Meaty sausages, smaller condoms, weaker vacuum cleaners - we sort myth from reality on what exactly the EU wants to regulate.
The weight of European Union regulations on the UK is one of the most popular reasons given by those supporting a British exit from the EU.
As part of the EU, the UK is bound to enforce laws handed down for years in Brussels. British businesses are hamstrung by red tape and the country’s democratic rights are being curtailed, Leave campaigners say.
The European Union sets standards to harmonise regulations across its 28 member countries, aimed at making it easier to sell goods across borders and maintain environmental and safety standards.
For decades these regulations have made headlines in the UK, and the truth has rarely been allowed to stand in the way of a good story.
Here are some of the zaniest euro myths, some of which are actually entirely true.
In 1994 The Sun reported that the EU was mandating smaller condom sizes, refusing to accommodate for what they believed were ‘larger British assets.’
The EU says the standards The Sun was referring to were voluntary, not mandatory, and did not relate to size. “Any standardisation work in the area of condoms concentrates on quality and not on
length,” the EU says.
Weaker Vacuum Cleaners
This one is actually true – in 2014 the EU introduced regulations which would ban the import or manufacturing of vacuum cleaners which exceeded 1,600 watts, prompting outcry in sections of the British press.
The EU introduced the regulations as part of an energy efficiency push, though some in Britain claimed that people would just be using weaker vacuum cleaners for longer.
The law prompted a run on the market for powerful vacuum cleaners in the weeks before the ban took effect, according to reports. The EU says the regulations have worked, prompting manufacturers to find innovative ways to increase suction without increasing power consumption.
“There have also in the past been major successes with fridges, freezers and television sets,” they say.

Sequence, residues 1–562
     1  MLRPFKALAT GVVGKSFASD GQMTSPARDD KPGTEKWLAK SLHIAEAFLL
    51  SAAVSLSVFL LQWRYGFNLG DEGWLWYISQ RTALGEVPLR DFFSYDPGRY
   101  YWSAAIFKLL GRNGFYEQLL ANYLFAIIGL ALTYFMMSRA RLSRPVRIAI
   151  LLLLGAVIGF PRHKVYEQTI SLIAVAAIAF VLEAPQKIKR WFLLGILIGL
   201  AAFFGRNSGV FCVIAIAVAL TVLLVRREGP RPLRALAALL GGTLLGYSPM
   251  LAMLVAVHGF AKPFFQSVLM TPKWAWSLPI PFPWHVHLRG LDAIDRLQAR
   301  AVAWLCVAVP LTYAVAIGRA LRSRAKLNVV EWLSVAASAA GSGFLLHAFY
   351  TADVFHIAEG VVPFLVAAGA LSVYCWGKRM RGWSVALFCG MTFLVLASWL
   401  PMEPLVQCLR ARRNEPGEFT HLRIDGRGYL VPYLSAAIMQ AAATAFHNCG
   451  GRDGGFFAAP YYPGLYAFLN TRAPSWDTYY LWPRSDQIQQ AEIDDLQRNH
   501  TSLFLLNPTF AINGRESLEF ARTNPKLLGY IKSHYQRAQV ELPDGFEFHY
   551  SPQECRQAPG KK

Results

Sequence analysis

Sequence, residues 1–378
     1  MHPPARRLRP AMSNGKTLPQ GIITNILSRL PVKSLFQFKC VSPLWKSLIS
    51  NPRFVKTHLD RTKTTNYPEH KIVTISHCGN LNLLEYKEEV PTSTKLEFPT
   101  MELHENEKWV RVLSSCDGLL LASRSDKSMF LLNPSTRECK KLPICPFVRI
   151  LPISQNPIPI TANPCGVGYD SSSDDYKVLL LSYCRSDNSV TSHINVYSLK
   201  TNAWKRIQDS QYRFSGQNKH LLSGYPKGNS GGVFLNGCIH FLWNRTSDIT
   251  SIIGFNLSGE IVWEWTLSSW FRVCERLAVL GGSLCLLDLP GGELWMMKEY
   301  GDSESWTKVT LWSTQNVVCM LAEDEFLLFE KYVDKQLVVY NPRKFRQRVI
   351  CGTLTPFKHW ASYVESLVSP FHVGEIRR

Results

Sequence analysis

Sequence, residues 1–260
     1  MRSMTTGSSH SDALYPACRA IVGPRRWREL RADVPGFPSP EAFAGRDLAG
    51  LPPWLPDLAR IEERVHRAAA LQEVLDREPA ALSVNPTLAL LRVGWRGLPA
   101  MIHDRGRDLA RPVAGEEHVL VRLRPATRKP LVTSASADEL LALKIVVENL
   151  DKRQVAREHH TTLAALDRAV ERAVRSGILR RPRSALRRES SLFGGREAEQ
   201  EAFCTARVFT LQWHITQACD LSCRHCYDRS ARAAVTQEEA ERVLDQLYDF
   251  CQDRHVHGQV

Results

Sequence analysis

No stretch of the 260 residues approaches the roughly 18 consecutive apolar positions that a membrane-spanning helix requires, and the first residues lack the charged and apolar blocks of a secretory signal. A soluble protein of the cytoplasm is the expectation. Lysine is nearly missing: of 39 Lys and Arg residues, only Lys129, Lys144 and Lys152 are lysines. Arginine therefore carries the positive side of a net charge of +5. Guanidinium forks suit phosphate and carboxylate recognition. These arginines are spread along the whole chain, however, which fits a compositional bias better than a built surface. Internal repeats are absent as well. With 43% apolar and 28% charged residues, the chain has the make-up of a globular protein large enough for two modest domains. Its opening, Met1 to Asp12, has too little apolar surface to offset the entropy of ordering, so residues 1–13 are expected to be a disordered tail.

The End of British Sausages
The British press seems to love the story of bureaucrats in Brussels trying to ban the traditional British sausage – an item apparently intrinsically tied to national identity. The story has appeared again and again for over a decade.
In 2001 The Sun breathlessly reported on the issue. “The traditional British banger is under threat from Brussels chiefs who want to REDUCE the amount of meat in it. Under strict UK regulations pork bangers must contain at least 65 per cent meat and other varieties 50 per cent. But the EU wants to slash that figure to just 36 per cent,” the story said.
The EU was actually proposing a rule that set standards on what manufacturers could count as meat and what they could count as fat in their labels. “If adopted, consumers would be able to tell from the label exactly how much real meat was in sausages, as well as how much was fat and cheap ‘mechanically recovered meat’” the EU said.
The EU Regulated Man
A recent feature length film by ‘Vote Leave’ campaigners – Brexit: The Movie – claimed that the standard ‘EU regulated man’ wakes up from sleeping on an EU regulated pillow (five EU laws about pillowcases, 109 for the pillow inside) to turn off his EU regulated alarm clock (11 laws) enter his EU regulated bathroom (65 laws) and use his EU regulated toothbrush (31 laws).
The figures are pretty dodgy, however: film-makers appear to have taken these numbers through doing a simple search of the EU’s legal database, then using the number of hits as their figures. Many of the results have nothing to do with regulations about those particular products, they just mention the search term.
Banana Curvature Regulations
Since the late 90s the myth of EU banana curvature regulations has been strongly within the British consciousness – but this one is another that is actually true.
Ministers from EU countries agreed in 1994 to adopt standards for banana curvature, used to sort A grade fruit from B grade fruit in trading. While it sounds ridiculous the EU legislation was actually replacing national legislation set by individual governments – it was aimed at providing a consistent standard to make it easier to trade between countries, the EU says.